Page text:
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Day 06 - Panama Canal
Friday, October 26, 2018   Related topics:

Oct 26, 2018 - Early this morning, Island Princess passed under the Atlantic Bridge, the third and newest bridge to span the Panama Canal.

Atlantic Bridge from our starboard balcony

Soon after passing under the bridge, we enter the first of three locks (on the Atlantic side). The three locks will raise Island Princess 85 feet to the level of Gatun Lake and the Panama Canal. When the ship enters the first lock, electric "mules" are attached to the ship to pull and guide the ship through the locks. A Canal Pilot is on the bridge with the Captain to oversee the whole operation. In fact, the only time a Captain of a ship is not in command of his vessel is when it is transiting the locks of the Panama Canal.

Electric Mule

Today, we are using the "old" locks which are still restricted to Panamax standards. These locks can handle ships up to 950 ft. in length and 106 ft. wide. There are some newer cruise ships (and freighters, tankers, etc.) that are too large to fit through these locks. Royal Princess, for example, is 126 ft. wide and 1,083 ft. long. She simply cannot fit into these locks. Fortunately, the Panama Canal Authority expansion project has added a second set of wider, longer and deeper locks. The new locks can handle ships up to 1,200 ft. long and 160 ft. wide. So, good news for Royal, Regal and Caribbean Princess!

Tanker passes through locks toward the Atlantic

Dr. Dean, our resident Destination Expert, provided commentary on the Panama Canal over the ship's PA system during the transit. Guests on the outer decks could hear the commentary and it was also broadcast over the closed circuit television system in guest cabins. He informed us that Island Princess has to pay $385,000 to the Panama Canal Authority to transit the locks today! Once we ascend into Gatun Lake, Island Princess deploys the anchor and we prepare for our shore excursion, "Agua Clara Locks and Kayaking in the Canal".

Our shore excursion ticket

Excursions today require tendering to shore, and there are a lot of guests going ashore today. Princess has everyone divided into groups (1,2,3,4,5,6, etc.). We are also given numbered stickers to wear to indicate the shore excursion we have selected. As a matter of fact, guests are not allowed to go ashore if they are not on a ship's excursion . The process of getting this many people ashore in a short amount of time is no easy task. Princess has been doing this for a long time, so they know what works. There are long lines and large crowds, but it was managed well. We boarded the tender boat for the short ride to shore.

Boarding the tender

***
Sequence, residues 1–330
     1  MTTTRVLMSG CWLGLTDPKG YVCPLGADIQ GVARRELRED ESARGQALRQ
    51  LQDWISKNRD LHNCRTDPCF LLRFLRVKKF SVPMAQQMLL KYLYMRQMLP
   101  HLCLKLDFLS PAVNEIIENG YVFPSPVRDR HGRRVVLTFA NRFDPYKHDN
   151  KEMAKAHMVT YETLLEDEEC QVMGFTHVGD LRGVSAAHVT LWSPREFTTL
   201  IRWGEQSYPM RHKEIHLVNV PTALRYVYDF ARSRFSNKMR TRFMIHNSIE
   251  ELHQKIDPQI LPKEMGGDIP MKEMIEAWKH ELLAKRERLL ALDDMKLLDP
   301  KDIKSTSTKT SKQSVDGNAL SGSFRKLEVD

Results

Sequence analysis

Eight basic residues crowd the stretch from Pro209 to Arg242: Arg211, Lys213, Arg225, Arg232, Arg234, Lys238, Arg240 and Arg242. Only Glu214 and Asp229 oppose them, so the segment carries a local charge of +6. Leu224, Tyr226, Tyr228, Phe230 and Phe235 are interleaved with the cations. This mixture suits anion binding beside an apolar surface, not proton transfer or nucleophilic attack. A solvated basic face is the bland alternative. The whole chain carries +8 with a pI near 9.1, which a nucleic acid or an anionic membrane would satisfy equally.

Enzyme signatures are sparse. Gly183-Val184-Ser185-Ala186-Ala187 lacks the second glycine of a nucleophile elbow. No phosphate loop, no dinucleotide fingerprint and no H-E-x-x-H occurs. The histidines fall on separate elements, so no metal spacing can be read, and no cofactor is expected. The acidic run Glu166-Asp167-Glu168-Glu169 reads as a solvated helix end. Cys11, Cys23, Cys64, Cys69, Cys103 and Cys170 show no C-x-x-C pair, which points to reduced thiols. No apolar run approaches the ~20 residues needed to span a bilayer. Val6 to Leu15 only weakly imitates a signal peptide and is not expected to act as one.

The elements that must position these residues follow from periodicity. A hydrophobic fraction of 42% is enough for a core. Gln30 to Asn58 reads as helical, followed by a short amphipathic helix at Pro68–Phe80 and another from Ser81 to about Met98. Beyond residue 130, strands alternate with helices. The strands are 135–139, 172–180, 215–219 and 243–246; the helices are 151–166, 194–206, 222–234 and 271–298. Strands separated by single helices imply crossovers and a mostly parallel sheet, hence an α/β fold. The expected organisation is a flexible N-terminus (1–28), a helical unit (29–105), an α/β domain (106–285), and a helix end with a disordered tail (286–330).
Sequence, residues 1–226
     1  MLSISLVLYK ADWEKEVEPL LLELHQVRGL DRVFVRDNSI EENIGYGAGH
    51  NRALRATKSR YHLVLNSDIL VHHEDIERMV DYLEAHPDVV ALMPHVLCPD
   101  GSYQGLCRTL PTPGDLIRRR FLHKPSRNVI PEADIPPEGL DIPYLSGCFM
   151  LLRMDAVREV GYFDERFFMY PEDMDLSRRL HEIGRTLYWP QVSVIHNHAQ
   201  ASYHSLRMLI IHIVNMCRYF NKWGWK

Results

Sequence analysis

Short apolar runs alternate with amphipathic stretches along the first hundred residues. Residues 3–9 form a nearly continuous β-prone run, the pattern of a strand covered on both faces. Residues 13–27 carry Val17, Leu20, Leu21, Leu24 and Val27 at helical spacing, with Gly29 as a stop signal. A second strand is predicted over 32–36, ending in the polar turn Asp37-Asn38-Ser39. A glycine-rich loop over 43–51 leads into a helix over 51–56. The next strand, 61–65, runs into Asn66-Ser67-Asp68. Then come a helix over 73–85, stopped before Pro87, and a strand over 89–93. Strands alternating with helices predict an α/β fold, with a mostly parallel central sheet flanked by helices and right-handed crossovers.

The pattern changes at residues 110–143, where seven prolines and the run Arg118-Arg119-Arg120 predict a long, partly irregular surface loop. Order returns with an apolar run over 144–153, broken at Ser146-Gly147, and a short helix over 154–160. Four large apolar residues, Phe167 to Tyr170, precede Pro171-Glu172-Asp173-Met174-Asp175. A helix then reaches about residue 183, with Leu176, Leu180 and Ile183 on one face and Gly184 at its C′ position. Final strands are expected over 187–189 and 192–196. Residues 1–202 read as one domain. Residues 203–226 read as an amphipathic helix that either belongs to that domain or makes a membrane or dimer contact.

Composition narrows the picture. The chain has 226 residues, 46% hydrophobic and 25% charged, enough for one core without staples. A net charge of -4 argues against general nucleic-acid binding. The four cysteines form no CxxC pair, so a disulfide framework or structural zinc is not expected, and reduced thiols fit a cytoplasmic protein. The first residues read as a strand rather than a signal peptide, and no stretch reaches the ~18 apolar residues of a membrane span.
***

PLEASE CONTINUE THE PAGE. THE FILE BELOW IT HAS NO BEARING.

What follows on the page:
Once ashore, we are directed to a motor coach. As we board the vehicle, rain is beginning to fall. Yuck. Our first stop is at the Agua Clara Locks Visitor Center. By the time we arrive there, the rain is coming down pretty hard. We wonder how much fun kayaking in the rain will be.

Agua Clara Locks Visitor Center

The Agua Clara Locks are the result of the Panama Canal Expansion Project, the newest set of locks that can handle larger vessels. There is a great lookout point where you can watch these behemoth ships transit the locks.

Huge freighter transiting the Aqua Clara Locks

There is a theater in the visitor center that shows a short movie explaining the expansion project and there is a small gift shop selling a variety of Panama Canal souvenirs. We spent about an hour at the visitor center before boarding the bus for the ride to the Melia Resort Panama Canal, the starting point for our kayak adventure. It is raining pretty hard when we arrive at the Melia and walk down the long walkway to where the kayaks are waiting for us in the water. Rickee brought a dry change of clothes to wear after the kayaking, but there was not really anywhere to store items to keep them dry. We were offered the opportunity to place our items in one of the boats at the dock that had a canvas cover, but all of the benches in the boat were already covered in rain. I put our camera into a Ziploc bag and took it with us in the kayak.

There were about 18 kayaks in our group and a guide led us around the lake. I sat in the back seat of the kayak with Rickee in front. That way she has no idea when I stop rowing to take photos. I just let her do all the work! The waters on the lake are very calm, in fact, it is almost like glass. This makes rowing much easier.

Our guide stops to explain the wildlife visible in the trees and foliage along the shores. We spot some Howler Monkeys in the trees just above us.

We spent about an hour-and-a-half kayaking around the lake, and to a couple of small islands on the lake to look for monkeys. About half way through the journey, the rain stopped and it became quite pleasant. Of course, we were already soaking wet by the time the rain stopped. Unfortunately, we were told by someone in the Shore Excursion department that we did not need to take a towel with us for this excursion, so we did not. At the end of the kayaking, Rickee's dry clothes that had been left in the boat were wet and smelled like gasoline, and I had no towel to use to dry off. Rickee used paper towels in the resort's bathroom to dry off. Tip: Take a towel with you from the ship if you book this excursion!

Overall, we enjoyed the excursion and felt like it was a good value at $89/per person. We board the coach for the short ride to the port of Colón where Island Princess is waiting for us. While we were on excursion, Island Princess went back through the Gatun locks to the Caribbean Sea and docked at Colón to retrieve guests. We are back onboard Island Princess by around 5pm.

Tomorrow, Island Princess will be in Puerto Limón, Costa Rica.

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